Royals show diplomacy as stubborn Brexit pall hangs over relations
Back like the swallows, Charles and Camilla could hardly hide their genuine delight to be on Irish soil once again.
This is a diplomatic visit, made - for the fifth year in a row - at the "request of the British government". All the while, the disturbing pall of Brexit - for the third year in a row - hangs over relations.
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During a visit to the Powerscourt House and Gardens, Charles seemed to scarcely resist hinting heavily at feelings of frustration as he said: "Whatever happens, the great thing is to go on understanding how much we mean to each other.
"I must say, you are always so incredibly kind and welcoming here in Ireland, and to put up with us yet again as we attempt to cover all the counties before we finally disintegrate completely," he added.
What "makes it special" coming to this country, he said, was being able to celebrate "all those absolutely vital links between us that go back so many hundreds, if not thousands, of years".
"To remind us of how much we depend on each other in so many ways. That, to me, is one of the great things about our relationship," he said.
He revealed that he chose to live at Highgrove mainly because it was under the care of "the most wonderful Irish man" who was "a great man for the horses".
"I remember he used to say me every now and then, 'I am just off to the library'," the prince recalled, adding: "Of course, what he was really doing was to put a very large bet on some special fancied horse he had, and he won an awful lot is all I can tell you."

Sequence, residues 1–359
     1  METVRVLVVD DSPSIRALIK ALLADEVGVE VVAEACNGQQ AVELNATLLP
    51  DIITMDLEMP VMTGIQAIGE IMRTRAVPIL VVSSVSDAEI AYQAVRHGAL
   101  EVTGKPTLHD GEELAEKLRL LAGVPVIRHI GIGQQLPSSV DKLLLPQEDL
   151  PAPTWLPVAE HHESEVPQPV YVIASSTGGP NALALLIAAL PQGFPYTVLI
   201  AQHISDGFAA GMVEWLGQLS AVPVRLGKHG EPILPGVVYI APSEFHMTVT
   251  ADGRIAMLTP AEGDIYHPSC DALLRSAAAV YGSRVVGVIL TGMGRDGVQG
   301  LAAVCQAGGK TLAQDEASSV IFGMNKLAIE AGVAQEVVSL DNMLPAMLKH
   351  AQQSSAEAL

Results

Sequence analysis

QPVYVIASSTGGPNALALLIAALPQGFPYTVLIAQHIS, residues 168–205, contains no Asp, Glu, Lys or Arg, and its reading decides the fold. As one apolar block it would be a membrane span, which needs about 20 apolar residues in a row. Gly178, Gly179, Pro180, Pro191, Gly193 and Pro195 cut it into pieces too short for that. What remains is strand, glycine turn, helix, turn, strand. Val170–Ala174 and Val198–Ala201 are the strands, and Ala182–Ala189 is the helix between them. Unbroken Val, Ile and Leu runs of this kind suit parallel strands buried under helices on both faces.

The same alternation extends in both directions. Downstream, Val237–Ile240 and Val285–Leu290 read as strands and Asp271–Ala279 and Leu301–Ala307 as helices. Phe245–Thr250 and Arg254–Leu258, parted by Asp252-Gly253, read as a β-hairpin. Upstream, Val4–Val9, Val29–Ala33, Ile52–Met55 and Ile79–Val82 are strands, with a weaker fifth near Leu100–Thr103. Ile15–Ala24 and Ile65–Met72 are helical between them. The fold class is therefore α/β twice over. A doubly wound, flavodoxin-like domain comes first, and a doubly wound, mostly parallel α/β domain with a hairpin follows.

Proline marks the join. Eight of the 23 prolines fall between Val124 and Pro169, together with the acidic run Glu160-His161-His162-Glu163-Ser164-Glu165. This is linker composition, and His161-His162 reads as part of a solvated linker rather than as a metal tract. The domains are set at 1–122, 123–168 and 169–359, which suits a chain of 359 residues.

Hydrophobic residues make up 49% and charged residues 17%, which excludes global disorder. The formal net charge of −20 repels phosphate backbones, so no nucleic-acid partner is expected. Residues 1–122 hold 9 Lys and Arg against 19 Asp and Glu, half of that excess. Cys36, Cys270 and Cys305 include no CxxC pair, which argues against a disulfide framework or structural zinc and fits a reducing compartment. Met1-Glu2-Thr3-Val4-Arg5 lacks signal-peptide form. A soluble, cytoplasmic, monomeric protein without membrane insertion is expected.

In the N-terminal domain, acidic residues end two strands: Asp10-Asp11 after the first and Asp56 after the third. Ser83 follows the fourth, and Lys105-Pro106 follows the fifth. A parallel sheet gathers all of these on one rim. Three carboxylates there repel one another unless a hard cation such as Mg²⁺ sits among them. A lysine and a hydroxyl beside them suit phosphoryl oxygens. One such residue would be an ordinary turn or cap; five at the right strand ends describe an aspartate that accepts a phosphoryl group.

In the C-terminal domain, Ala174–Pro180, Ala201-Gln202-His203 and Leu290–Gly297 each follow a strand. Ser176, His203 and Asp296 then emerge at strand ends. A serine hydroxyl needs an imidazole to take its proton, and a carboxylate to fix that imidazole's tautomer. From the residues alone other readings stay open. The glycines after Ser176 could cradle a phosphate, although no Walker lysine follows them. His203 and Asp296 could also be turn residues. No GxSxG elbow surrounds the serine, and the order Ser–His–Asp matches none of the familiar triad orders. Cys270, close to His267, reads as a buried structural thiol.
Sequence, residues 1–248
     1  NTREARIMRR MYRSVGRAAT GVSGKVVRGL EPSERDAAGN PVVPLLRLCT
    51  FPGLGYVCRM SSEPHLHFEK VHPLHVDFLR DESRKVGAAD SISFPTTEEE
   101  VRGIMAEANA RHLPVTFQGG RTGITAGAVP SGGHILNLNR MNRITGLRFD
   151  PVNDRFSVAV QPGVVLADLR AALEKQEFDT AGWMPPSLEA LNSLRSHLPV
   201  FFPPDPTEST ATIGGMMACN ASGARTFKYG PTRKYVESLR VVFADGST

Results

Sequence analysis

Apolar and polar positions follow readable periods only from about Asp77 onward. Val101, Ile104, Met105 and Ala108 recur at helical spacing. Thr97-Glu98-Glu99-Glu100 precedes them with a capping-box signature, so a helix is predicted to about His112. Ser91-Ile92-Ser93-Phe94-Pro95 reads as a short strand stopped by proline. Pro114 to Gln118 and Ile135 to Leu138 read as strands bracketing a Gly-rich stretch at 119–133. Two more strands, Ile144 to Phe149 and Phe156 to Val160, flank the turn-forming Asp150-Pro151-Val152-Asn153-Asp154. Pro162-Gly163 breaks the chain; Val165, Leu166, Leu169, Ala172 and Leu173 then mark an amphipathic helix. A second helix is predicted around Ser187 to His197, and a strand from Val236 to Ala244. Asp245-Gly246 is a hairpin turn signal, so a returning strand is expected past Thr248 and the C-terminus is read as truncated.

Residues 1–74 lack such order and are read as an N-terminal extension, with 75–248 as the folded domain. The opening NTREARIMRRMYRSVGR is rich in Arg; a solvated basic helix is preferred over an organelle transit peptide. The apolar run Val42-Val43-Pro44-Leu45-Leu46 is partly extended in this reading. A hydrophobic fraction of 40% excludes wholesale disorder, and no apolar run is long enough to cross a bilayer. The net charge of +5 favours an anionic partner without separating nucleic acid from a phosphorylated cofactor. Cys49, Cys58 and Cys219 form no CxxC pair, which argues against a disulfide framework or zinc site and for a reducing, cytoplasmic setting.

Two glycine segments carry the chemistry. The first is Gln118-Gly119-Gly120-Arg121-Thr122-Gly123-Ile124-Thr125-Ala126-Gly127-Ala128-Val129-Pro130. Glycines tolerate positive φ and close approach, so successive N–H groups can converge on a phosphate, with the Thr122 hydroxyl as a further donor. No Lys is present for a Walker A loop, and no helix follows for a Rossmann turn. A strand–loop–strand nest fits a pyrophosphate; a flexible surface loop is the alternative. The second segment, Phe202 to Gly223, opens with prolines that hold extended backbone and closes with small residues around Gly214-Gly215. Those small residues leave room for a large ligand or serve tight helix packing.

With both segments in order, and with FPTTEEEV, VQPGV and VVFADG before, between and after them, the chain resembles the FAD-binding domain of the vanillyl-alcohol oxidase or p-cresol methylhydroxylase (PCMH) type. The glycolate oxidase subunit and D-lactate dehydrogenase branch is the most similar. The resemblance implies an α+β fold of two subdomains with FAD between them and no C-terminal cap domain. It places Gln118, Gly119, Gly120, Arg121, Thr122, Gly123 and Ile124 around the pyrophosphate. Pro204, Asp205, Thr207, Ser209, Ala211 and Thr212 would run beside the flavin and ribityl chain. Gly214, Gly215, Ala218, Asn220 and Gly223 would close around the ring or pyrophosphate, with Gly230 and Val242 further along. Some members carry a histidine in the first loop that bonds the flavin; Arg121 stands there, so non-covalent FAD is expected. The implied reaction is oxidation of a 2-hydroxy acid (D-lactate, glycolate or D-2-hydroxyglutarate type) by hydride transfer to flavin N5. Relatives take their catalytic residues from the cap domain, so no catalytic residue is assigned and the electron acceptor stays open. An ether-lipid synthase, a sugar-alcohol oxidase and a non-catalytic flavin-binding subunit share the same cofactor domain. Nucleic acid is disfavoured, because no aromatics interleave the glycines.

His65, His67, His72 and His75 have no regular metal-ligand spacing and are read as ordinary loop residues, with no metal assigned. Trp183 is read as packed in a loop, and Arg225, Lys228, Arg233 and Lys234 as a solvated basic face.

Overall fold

At the Glencree Centre for Peace and Reconciliation, Charles and his wife Camilla were met by President Michael D Higgins and his wife Sabina.
"It's wonderful to be back," Charles told the President, while Camilla told Mr Higgins: "How nice to see you again."
Ms Higgins told Camilla that she was looking "very well" and in a low voice, Camilla made some remark which warranted the sympathetic reply: "Aren't we all?"
Among the guests at Glencree were former Taoiseach Bertie Ahern and former Northern Ireland first minister Peter Robinson, together with Garda Commissioner Drew Harris. The British ambassador Robin Barnett was also present.
The royal couple sat in on a series of workshops discussing women's leadership, legacy and young peace-builders.
They met with survivors of the Troubles in the North, including Steven Travers, who was injured in the Miami Showband massacre in July 1975, when five people were killed by the UVF.
Afterwards, Mr Travers said that by visiting Glencree, he believed that Charles "was probably trying, in some way, to send a message".
"We got the impression that there was no harm in the man," he said.
"Him coming here is highlighting ordinary decent people being able to have a say."
Later, the couple visited Powerscourt House and the Cool Planet Experience on climate change, while afterwards, Camilla went alone to the Bray Women's Refuge, where she met privately with former residents "Aoife" and "Kate".
She thanked the staff for their work.
"I'd say the more you get to know them, the more you realise how important it is," she said.
Their day concluded with a dinner at the British ambassador's residence at Glencairn.